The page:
My father had a good library – 1500 volumes in all – more than enough for a writer. By the age of 22, I had perhaps not read them all, but I was familiar with each book, – I knew which were important, which were light but easy to read, which were classics, which an essential part of any education, which were forgettable but amusing accounts of local history, and which French authors my father rated very highly. Sometimes I would look at this library from a distance and imagine that one day, in a different house, I would build my own library, an even better library – build myself a world. When I looked at my father's library from afar, it seemed to me to be a small picture of the real world. But this was a world seen from our own corner, from Istanbul. The library was evidence of this. My father had built his library from his trips abroad, mostly with books from Paris and America, but also with books bought from the shops that sold books in foreign languages in the 40s and 50s and Istanbul's old and new booksellers, whom I also knew. My world is mixture of the local – the national – and the West. In the 70s, I, too, began, somewhat ambitiously, to build my own library. I had not quite decided to become a writer – as I related in Istanbul, I had come to feel that I would not, after all, become a painter, but I was not sure what path my life would take. There was inside me a relentless curiosity, a hope-driven desire to read and learn, but at the same time I felt that my life was in some way lacking, that I would not be able to live like others. Part of this feeling was connected to what I felt when I gazed at my father's library – to be living far from the centre of things, as all of us who lived in Istanbul in those days were made to feel, that feeling of living in the provinces. There was another reason for feeling anxious and somehow lacking, for I knew only too well that I lived in a country that showed little interest in its artists – be they painters or writers – and that gave them no hope. In the 70s, when I would take the money my father gave me and greedily buy faded, dusty, dog-eared books from Istanbul's old booksellers, I would be as affected by the pitiable state of these second hand bookstores – and by the despairing dishevelment of the poor, bedraggled booksellers who laid out their wares on roadsides, in mosque courtyards, and in the niches of crumbling walls – as I was by their books.

As for my place in the world – in life, as in literature, my basic feeling was that I was 'not in the centre'. In the centre of the world, there was a life richer and more exciting than our own, and with all of Istanbul, all of Turkey, I was outside it. Today I think that I share this feeling with most people in the world. In the same way, there was a world literature, and its centre, too, was very far away from me. Actually what I had in mind was Western, not world literature, and we Turks were outside it. My father's library was evidence of this. At one end, there were Istanbul's books – our literature, our local world, in all its beloved detail – and at the other end were the books from this other, Western, world, to which our own bore no resemblance, to which our lack of resemblance gave us both pain and hope. To write, to read, was like leaving one world to find consolation in the other world's otherness, the strange and the wondrous. I felt that my father had read novels to escape his life and flee to the West – just as I would do later. Or it seemed to me that books in those days were things we picked up to escape our own culture, which we found so lacking. It wasn't just by reading that we left our Istanbul lives to travel West – it was by writing, too. To fill those notebooks of his, my father had gone to Paris, shut himself up in his room, and then brought his writings back to Turkey. As I gazed at my father's suitcase, it seemed to me that this was what was causing me disquiet. After working in a room for 25 years to survive as a writer in Turkey, it galled me to see my father hide his deep thoughts inside this suitcase, to act as if writing was work that had to be done in secret, far from the eyes of society, the state, the people. Perhaps this was the main reason why I felt angry at my father for not taking literature as seriously as I did.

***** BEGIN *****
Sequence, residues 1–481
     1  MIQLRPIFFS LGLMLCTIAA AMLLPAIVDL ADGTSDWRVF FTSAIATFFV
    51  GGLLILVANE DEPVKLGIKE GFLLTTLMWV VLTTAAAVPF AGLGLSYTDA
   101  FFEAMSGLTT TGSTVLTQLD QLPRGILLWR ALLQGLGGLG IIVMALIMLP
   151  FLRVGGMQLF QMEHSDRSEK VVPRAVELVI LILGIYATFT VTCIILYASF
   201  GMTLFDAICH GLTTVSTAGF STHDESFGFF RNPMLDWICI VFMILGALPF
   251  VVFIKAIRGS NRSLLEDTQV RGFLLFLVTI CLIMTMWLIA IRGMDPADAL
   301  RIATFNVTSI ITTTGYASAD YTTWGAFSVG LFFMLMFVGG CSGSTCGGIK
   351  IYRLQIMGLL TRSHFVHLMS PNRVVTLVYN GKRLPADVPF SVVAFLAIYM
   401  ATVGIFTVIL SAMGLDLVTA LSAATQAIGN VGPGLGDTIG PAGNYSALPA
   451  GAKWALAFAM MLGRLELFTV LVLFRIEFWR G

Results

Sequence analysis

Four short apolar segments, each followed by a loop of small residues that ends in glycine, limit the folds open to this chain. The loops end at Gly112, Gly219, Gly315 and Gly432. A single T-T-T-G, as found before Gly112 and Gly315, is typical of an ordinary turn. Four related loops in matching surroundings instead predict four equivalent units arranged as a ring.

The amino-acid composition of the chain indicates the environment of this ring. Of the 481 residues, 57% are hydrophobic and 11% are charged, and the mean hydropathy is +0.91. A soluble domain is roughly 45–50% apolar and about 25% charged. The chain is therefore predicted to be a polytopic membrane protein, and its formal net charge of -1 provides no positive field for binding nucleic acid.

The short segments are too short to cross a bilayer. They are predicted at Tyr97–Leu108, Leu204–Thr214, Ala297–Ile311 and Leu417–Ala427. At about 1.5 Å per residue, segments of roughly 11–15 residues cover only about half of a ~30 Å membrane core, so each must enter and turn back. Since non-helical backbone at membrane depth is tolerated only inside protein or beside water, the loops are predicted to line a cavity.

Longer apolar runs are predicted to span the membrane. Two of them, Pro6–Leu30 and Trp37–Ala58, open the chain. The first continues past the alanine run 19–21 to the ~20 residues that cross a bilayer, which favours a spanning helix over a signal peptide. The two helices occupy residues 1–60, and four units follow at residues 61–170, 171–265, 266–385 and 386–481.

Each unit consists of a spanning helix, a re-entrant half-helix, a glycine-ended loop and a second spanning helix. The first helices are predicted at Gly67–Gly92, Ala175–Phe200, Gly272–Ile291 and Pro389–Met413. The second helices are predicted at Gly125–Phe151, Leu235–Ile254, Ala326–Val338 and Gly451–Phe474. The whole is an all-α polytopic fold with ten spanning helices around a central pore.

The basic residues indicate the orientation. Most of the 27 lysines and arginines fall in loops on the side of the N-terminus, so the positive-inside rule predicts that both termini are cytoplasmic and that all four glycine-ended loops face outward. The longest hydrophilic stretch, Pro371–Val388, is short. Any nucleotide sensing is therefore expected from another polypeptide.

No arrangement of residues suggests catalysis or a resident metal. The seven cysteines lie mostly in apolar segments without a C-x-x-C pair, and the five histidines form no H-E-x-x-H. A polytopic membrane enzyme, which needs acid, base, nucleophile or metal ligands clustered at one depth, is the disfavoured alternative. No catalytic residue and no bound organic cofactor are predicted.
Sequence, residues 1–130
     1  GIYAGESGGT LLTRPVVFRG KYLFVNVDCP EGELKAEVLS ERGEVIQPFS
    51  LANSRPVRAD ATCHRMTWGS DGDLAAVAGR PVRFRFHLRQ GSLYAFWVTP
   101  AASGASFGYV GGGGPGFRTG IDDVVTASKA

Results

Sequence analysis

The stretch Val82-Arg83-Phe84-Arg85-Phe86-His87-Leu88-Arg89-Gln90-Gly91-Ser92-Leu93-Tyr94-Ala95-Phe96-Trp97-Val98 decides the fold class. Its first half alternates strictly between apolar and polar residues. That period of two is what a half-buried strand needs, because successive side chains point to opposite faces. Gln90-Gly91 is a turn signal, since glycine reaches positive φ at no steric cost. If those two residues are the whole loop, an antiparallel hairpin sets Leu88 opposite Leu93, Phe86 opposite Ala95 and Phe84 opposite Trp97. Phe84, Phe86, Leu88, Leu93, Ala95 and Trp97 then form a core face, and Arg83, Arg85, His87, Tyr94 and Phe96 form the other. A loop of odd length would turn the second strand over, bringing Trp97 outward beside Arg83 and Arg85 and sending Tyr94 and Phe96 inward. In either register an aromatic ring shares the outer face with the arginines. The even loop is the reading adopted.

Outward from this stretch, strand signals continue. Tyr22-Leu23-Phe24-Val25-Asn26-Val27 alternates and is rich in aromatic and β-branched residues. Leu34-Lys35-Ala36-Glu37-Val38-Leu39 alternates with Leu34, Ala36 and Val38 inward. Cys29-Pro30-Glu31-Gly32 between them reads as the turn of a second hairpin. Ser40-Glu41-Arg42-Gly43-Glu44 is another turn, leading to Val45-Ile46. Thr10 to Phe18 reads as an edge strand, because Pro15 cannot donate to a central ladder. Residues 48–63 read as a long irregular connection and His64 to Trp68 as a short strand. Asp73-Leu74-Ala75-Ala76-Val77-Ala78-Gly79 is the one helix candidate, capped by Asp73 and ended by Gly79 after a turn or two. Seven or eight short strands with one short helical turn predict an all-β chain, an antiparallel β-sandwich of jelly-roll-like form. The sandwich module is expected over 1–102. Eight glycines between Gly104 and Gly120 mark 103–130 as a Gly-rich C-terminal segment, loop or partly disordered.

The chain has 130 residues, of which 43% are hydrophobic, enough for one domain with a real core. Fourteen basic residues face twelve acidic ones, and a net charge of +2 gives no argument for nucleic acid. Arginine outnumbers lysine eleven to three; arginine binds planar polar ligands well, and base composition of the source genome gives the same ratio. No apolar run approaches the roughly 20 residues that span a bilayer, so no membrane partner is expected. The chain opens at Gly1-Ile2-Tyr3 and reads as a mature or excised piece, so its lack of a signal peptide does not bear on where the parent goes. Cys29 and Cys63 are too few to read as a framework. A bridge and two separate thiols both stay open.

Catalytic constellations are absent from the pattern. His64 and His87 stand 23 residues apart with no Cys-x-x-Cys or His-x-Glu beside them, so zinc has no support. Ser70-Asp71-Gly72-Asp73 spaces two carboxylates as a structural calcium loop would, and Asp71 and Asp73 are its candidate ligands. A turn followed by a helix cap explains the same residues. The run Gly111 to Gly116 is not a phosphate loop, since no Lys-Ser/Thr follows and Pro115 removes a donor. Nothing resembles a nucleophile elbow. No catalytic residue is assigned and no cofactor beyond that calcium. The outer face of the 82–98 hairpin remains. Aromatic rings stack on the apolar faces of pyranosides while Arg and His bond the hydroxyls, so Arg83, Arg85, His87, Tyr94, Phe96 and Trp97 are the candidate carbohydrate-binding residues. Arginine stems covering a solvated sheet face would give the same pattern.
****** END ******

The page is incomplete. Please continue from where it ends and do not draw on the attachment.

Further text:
Actually I was angry at my father because he had not led a life like mine, because he had never quarrelled with his life, and had spent his life happily laughing with his friends and his loved ones. But part of me knew that I could also say that I was not so much 'angry' as 'jealous', that the second word was more accurate, and this, too, made me uneasy. That would be when I would ask myself in my usual scornful, angry voice: 'What is happiness?' Was happiness thinking that I lived a deep life in that lonely room? Or was happiness leading a comfortable life in society, believing in the same things as everyone else, or acting as if you did? Was it happiness, or unhappiness, to go through life writing in secret, while seeming to be in harmony with all around one? But these were overly ill-tempered questions. Wherever had I got this idea that the measure of a good life was happiness? People, papers, everyone acted as if the most important measure of a life was happiness. Did this alone not suggest that it might be worth trying to find out if the exact opposite was true? After all, my father had run away from his family so many times – how well did I know him, and how well could I say I understood his disquiet?

So this was what was driving me when I first opened my father's suitcase. Did my father have a secret, an unhappiness in his life about which I knew nothing, something he could only endure by pouring it into his writing? As soon as I opened the suitcase, I recalled its scent of travel, recognised several notebooks, and noted that my father had shown them to me years earlier, but without dwelling on them very long. Most of the notebooks I now took into my hands he had filled when he had left us and gone to Paris as a young man. Whereas I, like so many writers I admired – writers whose biographies I had read – wished to know what my father had written, and what he had thought, when he was the age I was now. It did not take me long to realise that I would find nothing like that here. What caused me most disquiet was when, here and there in my father's notebooks, I came upon a writerly voice. This was not my father's voice, I told myself; it wasn't authentic, or at least it did not belong to the man I'd known as my father.